Foucault News

News and resources on French thinker Michel Foucault (1926-1984)

Legg, S. (2018). Subjects of truth: Resisting governmentality in Foucault’s 1980s. Environment and Planning D: Society and Space, First Published September 25, 2018

DOI: 10.1177/0263775818801957

See also Subject to truth: Before and after governmentality in Foucault’s 1970s

Abstract
Responding to ongoing concerns that Michel Foucault’s influential governmentality analytics fail to enable the study of ‘resistance’, this paper analyses his last two lecture courses on ‘parrhesia’ (risky and courageous speech). While Foucault resisted resistance as an analytical category, he increasingly pointed us towards militant, alternative and insolent forms of counter-conduct. The paper comparatively analyses Foucault’s reading of Plato, Socrates and the Cynics, exploring parrhesia’s episteme (its truth–knowledge relations), techne (its practice and geographies), identities (its souls and its bodies) and its possible relations to the present. It concludes that Foucault viewed resistance as power; power which problematised governmentalities but could also be analysed as a governmentality itself. In pursuing parrhesia, Foucault reaffirmed his commitment to studying discourse as always emplaced and enacted, while sketching out the geographies (from the royal court and the democratic Assembly to the public square and the street) that staged the risk of truth-talking. This suggests new subjects and spaces to open up political possibilities when exploring the geographies of governmentalities.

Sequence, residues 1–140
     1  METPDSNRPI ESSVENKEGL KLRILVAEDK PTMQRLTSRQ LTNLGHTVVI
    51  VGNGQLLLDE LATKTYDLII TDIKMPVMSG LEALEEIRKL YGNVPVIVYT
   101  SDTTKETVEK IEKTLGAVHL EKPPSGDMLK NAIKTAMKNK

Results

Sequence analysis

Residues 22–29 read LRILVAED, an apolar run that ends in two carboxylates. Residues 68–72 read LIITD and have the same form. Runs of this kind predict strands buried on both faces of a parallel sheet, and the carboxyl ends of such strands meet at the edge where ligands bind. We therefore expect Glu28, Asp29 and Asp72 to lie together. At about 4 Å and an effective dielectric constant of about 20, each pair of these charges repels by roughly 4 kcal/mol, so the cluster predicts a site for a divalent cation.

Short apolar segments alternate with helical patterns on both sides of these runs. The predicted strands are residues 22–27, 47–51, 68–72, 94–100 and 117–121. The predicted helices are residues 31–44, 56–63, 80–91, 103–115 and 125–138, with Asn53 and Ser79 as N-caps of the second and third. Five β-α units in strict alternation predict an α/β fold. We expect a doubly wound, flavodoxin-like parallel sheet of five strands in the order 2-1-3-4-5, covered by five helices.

Keywords Foucault, governmentality, truth, parrhesia, resistance

Leave a Reply

Fill in your details below or click an icon to log in:

WordPress.com Logo

You are commenting using your WordPress.com account. Log Out /  Change )

Google+ photo

You are commenting using your Google+ account. Log Out /  Change )

Twitter picture

You are commenting using your Twitter account. Log Out /  Change )

Facebook photo

You are commenting using your Facebook account. Log Out /  Change )

Connecting to %s

This site uses Akismet to reduce spam. Learn how your comment data is processed.

%d bloggers like this: